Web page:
Oral cefixime is similar to continued intravenous antibiotics in the empirical treatment of febrile neutropenic children with cancer

J. L. Shenep, P. M. Flynn, D. K. Baker, S. V. Hetherington, M. M. Hudson, W. T. Hughes, C. C. Patrick, P. K. Roberson, J. T. Sandlund, V. M. Santana, J. W. Sixbey, K. S. Slobod

Research output: Contribution to journalArticle

Abstract

Empiric oral antibiotic therapy for febrile neutropenic cancer patients has been suggested as a means to decrease hospitalization, but the safety of this approach has not been adequately studied in children. We compared continued iv antibiotic therapy with switching treatment to orally administered cefixime in a group of selected febrile neutropenic children for whom blood cultures were sterile after 48 h of incubation. Two hundred episodes of febrile neutropenia were studied (156 patients), and 100 episodes were randomized to receive each treatment. Failure to respond to therapy was defined by documented or suspected bacterial infection, recurrent fever, or discontinuation of assigned therapy for any reason before neutropenia resolved. Rates of treatment failure were similar in the oral cefixime group (28%) and in the iv antibiotic group (27%; P = 1.0). Results support the safety of oral cefixime therapy for low-risk febrile neutropenic children, a therapeutic approach that would facilitate earlier outpatient management and decrease the costs of treatment.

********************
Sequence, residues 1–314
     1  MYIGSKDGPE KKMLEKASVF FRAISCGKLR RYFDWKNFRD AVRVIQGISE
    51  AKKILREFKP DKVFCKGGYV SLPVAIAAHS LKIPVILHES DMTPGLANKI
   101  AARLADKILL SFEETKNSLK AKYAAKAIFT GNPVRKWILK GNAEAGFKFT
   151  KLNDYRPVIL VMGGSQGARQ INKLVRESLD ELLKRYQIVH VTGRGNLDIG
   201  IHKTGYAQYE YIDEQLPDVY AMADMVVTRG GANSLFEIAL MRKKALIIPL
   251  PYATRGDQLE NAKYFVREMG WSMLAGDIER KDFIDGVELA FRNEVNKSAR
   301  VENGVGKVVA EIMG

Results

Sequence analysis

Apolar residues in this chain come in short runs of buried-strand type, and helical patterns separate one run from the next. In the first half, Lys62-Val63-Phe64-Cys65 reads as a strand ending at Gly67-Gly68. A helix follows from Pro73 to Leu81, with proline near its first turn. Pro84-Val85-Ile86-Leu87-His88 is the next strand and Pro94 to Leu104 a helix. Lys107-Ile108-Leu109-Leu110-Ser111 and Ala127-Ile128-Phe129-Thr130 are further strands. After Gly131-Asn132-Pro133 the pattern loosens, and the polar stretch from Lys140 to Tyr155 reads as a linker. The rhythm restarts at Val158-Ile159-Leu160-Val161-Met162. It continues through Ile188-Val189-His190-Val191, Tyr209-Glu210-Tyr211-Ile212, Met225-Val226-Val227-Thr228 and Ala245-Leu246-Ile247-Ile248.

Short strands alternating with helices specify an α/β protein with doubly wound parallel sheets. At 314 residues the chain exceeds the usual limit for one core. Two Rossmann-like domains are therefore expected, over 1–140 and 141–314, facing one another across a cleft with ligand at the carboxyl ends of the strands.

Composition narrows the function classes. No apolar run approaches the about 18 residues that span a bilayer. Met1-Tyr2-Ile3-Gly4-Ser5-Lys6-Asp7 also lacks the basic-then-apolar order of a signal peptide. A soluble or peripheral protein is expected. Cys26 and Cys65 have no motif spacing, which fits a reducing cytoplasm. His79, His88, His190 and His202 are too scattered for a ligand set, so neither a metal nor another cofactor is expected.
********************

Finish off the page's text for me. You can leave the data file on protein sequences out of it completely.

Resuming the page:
Original languageEnglish (US)
Pages (from-to)36-43
Number of pages8
JournalClinical Infectious Diseases
Volume32
Issue number1
DOIs
StatePublished - Jan 1 2001

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ASJC Scopus subject areas

  • Microbiology (medical)
  • Infectious Diseases

Cite this

Shenep, J. L., Flynn, P. M., Baker, D. K., Hetherington, S. V., Hudson, M. M., Hughes, W. T., Patrick, C. C., Roberson, P. K., Sandlund, J. T., Santana, V. M., Sixbey, J. W., & Slobod, K. S. (2001). Oral cefixime is similar to continued intravenous antibiotics in the empirical treatment of febrile neutropenic children with cancer. Clinical Infectious Diseases, 32(1), 36-43. https://doi.org/10.1086/317552